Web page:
There is an interesting book review of American Taxation, American Slavery (University of Chicago Press, 2006), by Robin L. Einhorn (University of California-Berkeley, Department of History), in the June 28, 2007 New York Review of Books. From the book's publisher:
We are all familiar with the states’ rights arguments of proslavery politicians who wanted to keep the federal government weak and decentralized. But here Robin Einhorn shows the deep, broad, and continuous influence of slavery on this idea in American politics. From the earliest colonial times right up to the Civil War, slaveholding elites feared strong democratic government as a threat to the institution of slavery. American Taxation, American Slavery shows how their heated battles over taxation, the power to tax, and the distribution of tax burdens were rooted not in debates over personal liberty but rather in the rights of slaveholders to hold human beings as property. Along the way, Einhorn exposes the antidemocratic origins of the popular Jeffersonian rhetoric about weak government by showing that governments were actually more democratic—and stronger—where most people were free.
From the review, Reading the Founders' Minds, by Gordon S. Wood:
Throughout her book, Einhorn has many serious and substantive discussions of tax policies and tax politics, and one wishes she had said more, especially since early American taxation is a much-neglected subject. We can all agree that ... the tax systems of the Northern states tended to be more sophisticated than those of the Southern states.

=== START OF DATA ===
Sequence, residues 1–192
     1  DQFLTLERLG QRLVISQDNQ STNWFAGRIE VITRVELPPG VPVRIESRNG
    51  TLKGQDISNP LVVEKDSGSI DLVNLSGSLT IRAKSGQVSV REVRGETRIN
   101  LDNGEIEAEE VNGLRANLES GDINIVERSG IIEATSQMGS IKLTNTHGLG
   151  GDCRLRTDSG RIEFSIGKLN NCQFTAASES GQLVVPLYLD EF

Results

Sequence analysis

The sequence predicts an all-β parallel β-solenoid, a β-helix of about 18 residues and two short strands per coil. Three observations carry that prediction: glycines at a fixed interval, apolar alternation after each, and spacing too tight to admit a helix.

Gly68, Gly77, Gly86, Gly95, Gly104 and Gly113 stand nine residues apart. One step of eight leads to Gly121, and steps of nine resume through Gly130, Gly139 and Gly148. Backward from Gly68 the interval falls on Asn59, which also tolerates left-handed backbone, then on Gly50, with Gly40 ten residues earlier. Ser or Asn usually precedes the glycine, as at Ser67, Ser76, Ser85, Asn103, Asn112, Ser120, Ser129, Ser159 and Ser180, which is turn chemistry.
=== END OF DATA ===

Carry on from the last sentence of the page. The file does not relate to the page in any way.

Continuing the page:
The author has published an essay accompanying the book, Tax Aversion and the Legacy of Slavery:
Americans are right to think that our antitax and antigovernment attitudes have deep historical roots. Our mistake is to dig for them in Boston. We should be digging in Virginia and South Carolina rather than in Massachusetts or Pennsylvania, because the origins of these attitudes have more to do with the history of American slavery than the history of American freedom. They have more to do with protections for entrenched wealth than with promises of opportunity, and more to do with the demands of privileged elites than with the strivings of the common man. Instead of reflecting a heritage that valued liberty over all other concerns, they are part of the poisonous legacy we have inherited from the slaveholders who forged much of our political tradition. This surprising conclusion is one of the major findings of my new history of taxation in the early United States.
Update: Check out the debate on the book at Legal History Blog: